Blog: Asher Knight

The Bradford singer-songwriter on his school tours that mix music with a powerful message on mental health

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My school tours consist of two elements – a performance and a positive and instructive talk to students. Usually I perform a couple of covers and my own original music. I find it breaks down the barrier between myself and the students.

I introduce myself because most of the students don’t know who I am and have really no idea why I am at their school singing songs or chatting with them, so I tell them a bit about myself. I usually mention that I have opened up on tour for big artists like The Vamps, Boyzone and others, which sparks up interest as it’s not every day a singer who last night performed in front of 10,000 people comes to your school.

I usually feel like the barrier has gone with the students, so I talk about bullying and mental health through being honest about my struggles with it. For years I was bullied, which caused longer-term mental health problems. I try explaining that even though I don’t get beaten up anymore or have people call me names as often it doesn’t mean I don’t feel it anymore.

I try to make it all as informal as possible. Music is my way to do that. I am a singer-songwriter, so a lot of my songs talk about the issues I have gone through, but the amazing thing about music is it’s something everyone can relate to.

The main area I care about is them knowing what to do, so I emphasise seeking help from parents, a guardian or a teacher, as mental health and bullying isn’t a battle they should fight alone.

I show them that, yes, it’s difficult but keeping strong by seeking help can change their life for the better

When I have left the schools I usually get messages on my social media about how the students have been suffering from anxiety, bulimia and other mental health issues but due to my talk they have gone and spoken with a teacher or someone who can help them, which is amazing as I feel like I have helped take away a bit of the stereotype about mental health. I show them that, yes, it’s difficult and it can feel like their lives are falling apart but keeping strong by seeking help can change their life for the better. They can achieve anything in life as long as they follow their dreams. Of course, not every student suffers from mental health issues and I might be in a room with 200 students and only one relates, but knowing I could affect their life matters more than anything to me.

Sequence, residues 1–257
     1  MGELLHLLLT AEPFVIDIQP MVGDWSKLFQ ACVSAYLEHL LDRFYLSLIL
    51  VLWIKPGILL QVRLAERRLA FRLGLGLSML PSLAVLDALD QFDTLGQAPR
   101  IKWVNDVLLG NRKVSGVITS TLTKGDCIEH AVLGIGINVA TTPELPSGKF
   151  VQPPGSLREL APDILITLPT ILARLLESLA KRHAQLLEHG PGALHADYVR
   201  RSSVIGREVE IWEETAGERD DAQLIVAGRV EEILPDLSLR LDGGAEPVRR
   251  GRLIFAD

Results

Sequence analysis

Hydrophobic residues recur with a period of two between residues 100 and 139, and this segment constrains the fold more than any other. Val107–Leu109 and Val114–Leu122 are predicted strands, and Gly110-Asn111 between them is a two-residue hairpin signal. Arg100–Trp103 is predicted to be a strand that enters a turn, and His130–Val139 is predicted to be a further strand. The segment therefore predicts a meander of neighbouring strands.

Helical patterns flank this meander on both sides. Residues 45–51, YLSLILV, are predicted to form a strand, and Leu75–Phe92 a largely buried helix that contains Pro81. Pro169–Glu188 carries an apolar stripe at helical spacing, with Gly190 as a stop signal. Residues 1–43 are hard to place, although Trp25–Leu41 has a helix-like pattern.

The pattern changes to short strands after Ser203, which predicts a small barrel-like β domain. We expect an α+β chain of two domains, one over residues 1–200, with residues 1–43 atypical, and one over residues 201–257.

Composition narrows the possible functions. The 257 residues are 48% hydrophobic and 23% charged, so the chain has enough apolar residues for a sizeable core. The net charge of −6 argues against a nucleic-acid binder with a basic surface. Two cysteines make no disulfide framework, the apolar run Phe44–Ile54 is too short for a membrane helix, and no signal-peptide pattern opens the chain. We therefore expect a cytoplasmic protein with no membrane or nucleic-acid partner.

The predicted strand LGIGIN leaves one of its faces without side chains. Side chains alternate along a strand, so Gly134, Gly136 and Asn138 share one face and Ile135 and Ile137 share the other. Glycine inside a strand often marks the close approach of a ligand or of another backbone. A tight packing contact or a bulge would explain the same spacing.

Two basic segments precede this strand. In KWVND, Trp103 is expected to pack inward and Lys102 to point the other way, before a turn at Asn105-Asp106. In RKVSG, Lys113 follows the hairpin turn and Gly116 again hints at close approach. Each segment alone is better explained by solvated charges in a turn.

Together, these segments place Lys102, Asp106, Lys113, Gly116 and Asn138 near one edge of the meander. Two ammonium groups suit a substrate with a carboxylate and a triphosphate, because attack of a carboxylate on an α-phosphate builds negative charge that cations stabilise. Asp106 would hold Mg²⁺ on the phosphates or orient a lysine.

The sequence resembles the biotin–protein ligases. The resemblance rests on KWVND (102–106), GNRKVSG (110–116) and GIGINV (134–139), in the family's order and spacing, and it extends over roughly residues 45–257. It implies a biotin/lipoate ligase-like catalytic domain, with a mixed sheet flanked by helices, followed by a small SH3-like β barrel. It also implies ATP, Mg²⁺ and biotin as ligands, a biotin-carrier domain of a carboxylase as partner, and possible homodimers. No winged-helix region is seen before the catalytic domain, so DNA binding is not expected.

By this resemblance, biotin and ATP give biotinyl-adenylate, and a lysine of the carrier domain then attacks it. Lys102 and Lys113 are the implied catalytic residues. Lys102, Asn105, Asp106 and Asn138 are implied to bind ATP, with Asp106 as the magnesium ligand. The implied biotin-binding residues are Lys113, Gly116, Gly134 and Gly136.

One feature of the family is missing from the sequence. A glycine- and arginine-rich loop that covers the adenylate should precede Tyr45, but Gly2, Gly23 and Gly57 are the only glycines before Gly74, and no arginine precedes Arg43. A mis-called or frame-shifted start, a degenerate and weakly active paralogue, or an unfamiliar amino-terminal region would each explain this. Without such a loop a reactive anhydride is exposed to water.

All the way up to lockdown I was visiting schools. I see so many students every day who need a reminder of how amazing they are, who need someone who was in their situation to give them hope and encourage them to speak with someone. I worry looking at social media that it gets too much for some. I love social media and it’s a great way to talk to friends online during lockdown, but some use it negatively. People need that reminder that they are amazing and need to understand they can ask for help.

Mental health is so complex. There isn’t a one-size-fits-all solution. There has been so much stigma over mental health issues but in the last couple of years I have really seen that diminish in society. When you have major celebrities and people like the royal family talking about it, you feel as if it’s less of a problem, that it’s OK to ask for help. But I think we have a long way to go. The best way to maintain good mental health is to do things that you love. For me music is a way of me dealing with it – it’s a way to express myself – but for someone else it might be sports or something else they love. My main point though is if you struggle talking to someone that can help.

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